determine where to put your future efforts if something didn’t work? A
marketing plan with objective goals can help you ask and answer the
right questions when it comes to evaluating your marketing and sales
efforts. The answers give you indications as to your next steps.
Sets you apart as being committed to your business. Let's face it,
if you're not willing to spend a few days writing up a solid marketing
plan to grow and develop your business, why should anyone take you
serious? Do you really have anything better to do than to take some time
and write down your plan for how you are going to succeed in your
business? Writing up a working marketing plan sets you apart from other
THE RIGHT ATTITUDE
people just don’t take the time to write a solid, actionable plan before
they start their business. If they do it at all, it is usually after
their first year didn’t go really well or just after they come back from
a conference where a presenter talked about all the positive aspects of
creating a business plan. However, I would argue that not developing a
plan is totally contrary to the very foundation of successful business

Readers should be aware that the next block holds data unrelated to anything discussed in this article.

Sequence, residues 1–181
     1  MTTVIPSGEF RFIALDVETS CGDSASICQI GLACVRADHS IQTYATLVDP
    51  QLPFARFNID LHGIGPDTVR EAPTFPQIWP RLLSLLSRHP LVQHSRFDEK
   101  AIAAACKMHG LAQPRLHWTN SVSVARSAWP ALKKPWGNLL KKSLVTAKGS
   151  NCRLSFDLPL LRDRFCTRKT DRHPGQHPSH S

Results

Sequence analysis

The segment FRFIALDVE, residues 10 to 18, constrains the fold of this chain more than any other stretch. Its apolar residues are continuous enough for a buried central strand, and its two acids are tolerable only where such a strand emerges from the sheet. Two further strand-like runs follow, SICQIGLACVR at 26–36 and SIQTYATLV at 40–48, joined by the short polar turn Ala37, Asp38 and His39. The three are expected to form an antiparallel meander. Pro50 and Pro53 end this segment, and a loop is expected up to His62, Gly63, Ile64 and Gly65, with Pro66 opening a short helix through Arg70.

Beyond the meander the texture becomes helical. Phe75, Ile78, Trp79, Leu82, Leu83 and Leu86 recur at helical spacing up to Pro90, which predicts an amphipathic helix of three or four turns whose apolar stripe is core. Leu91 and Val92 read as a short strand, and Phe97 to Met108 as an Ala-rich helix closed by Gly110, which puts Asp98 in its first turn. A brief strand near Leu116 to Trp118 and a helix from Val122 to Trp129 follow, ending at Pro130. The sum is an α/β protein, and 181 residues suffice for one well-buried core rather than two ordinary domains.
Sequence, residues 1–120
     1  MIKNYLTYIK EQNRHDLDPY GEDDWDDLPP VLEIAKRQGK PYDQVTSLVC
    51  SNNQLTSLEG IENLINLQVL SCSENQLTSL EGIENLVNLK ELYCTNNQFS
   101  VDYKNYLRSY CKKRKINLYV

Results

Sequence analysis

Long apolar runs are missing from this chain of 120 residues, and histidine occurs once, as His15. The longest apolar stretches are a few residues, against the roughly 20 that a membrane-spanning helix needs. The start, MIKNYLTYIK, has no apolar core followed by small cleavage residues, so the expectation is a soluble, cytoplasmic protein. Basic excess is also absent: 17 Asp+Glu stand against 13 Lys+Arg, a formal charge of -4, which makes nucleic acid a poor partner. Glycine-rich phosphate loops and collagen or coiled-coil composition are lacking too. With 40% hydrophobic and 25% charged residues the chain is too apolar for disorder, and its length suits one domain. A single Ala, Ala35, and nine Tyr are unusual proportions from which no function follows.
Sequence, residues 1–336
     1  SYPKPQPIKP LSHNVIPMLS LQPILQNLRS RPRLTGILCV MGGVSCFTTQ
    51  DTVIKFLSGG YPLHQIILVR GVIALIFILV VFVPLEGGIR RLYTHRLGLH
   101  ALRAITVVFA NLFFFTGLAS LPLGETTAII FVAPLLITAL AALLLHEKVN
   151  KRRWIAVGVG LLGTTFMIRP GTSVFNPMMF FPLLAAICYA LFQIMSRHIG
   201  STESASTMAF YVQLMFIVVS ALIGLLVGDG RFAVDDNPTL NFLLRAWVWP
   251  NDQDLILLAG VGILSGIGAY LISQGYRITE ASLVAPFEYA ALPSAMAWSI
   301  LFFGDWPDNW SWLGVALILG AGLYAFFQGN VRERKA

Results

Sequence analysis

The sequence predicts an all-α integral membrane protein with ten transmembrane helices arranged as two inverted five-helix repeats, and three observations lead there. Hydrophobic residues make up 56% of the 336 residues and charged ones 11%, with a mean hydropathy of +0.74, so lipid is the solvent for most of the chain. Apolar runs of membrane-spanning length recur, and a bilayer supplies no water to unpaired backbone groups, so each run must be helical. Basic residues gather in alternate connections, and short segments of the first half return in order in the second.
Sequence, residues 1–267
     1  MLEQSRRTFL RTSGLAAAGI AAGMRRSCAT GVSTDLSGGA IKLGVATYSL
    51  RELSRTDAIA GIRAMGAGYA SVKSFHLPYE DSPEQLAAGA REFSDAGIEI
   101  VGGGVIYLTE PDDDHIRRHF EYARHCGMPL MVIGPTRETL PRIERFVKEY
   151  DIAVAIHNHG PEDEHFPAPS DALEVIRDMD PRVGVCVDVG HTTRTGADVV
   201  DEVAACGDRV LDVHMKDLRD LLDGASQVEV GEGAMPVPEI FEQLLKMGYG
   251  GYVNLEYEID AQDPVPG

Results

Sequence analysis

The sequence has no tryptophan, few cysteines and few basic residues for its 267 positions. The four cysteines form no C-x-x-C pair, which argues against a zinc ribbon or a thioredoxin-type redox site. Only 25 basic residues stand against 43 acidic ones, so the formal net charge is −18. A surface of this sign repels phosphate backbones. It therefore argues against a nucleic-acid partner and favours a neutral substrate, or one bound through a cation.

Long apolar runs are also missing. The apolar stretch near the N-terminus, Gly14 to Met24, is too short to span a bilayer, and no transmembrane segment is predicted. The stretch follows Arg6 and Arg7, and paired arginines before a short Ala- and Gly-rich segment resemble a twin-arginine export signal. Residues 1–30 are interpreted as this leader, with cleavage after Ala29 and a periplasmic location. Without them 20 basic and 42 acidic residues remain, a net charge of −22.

building. A core principle of building a business is about identifying
where you are, deciding where you want to be, and creating a plan to get
there. That’s exactly what a business plan does for your company. A
business plan is simply a written plan that details:
...what your business does
...who your business helps
...what your goals and objectives are
...the financial, marketing and sales strategies you will use to get
Don’t think of it as a Business Plan—think of it as a Marketing
Plan. About 80% of your plan should be focused on sales and
marketing strategies because these are the two areas where most small
businesses have the most problem with and the largest reasons why they
fail. It makes sense to spend most of your time on the part that makes
the biggest difference to your success.
Don’t look at it as an academic exercise—look at it as a living
document. It is something you use on a daily and monthly basis, not
a long essay you write only to put on your shelf.
Don’t see it as a just one more thing to do—see it as a plan for
all the things you must do to succeed. Your Marketing Plan becomes
the driving force for all your actions and financial expenditures. It is
your personal success plan.
Click here to go to the
next section where we will use a free sample business plan to
demonstrate the 10 easy steps to writing a business plan.